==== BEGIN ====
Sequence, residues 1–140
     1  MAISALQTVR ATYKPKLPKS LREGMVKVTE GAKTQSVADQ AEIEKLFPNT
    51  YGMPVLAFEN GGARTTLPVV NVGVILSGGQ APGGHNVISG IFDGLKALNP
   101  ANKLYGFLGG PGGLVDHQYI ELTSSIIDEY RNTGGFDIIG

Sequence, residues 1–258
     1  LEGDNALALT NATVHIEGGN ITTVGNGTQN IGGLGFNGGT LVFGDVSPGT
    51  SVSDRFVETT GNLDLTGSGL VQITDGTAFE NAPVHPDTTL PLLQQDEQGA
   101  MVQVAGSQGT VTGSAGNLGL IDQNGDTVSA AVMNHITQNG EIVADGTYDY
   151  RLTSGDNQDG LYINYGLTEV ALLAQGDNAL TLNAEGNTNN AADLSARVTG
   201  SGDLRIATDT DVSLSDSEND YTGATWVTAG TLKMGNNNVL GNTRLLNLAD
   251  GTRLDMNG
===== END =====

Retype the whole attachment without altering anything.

Sequence, residues 1–140
     1  MAISALQTVR ATYKPKLPKS LREGMVKVTE GAKTQSVADQ AEIEKLFPNT
    51  YGMPVLAFEN GGARTTLPVV NVGVILSGGQ APGGHNVISG IFDGLKALNP
   101  ANKLYGFLGG PGGLVDHQYI ELTSSIIDEY RNTGGFDIIG

Sequence, residues 1–258
     1  LEGDNALALT NATVHIEGGN ITTVGNGTQN IGGLGFNGGT LVFGDVSPGT
    51  SVSDRFVETT GNLDLTGSGL VQITDGTAFE NAPVHPDTTL PLLQQDEQGA
   101  MVQVAGSQGT VTGSAGNLGL IDQNGDTVSA AVMNHITQNG EIVADGTYDY
   151  RLTSGDNQDG LYINYGLTEV ALLAQGDNAL TLNAEGNTNN AADLSARVTG
   201  SGDLRIATDT DVSLSDSEND YTGATWVTAG TLKMGNNNVL GNTRLLNLAD
   251  GTRLDMNG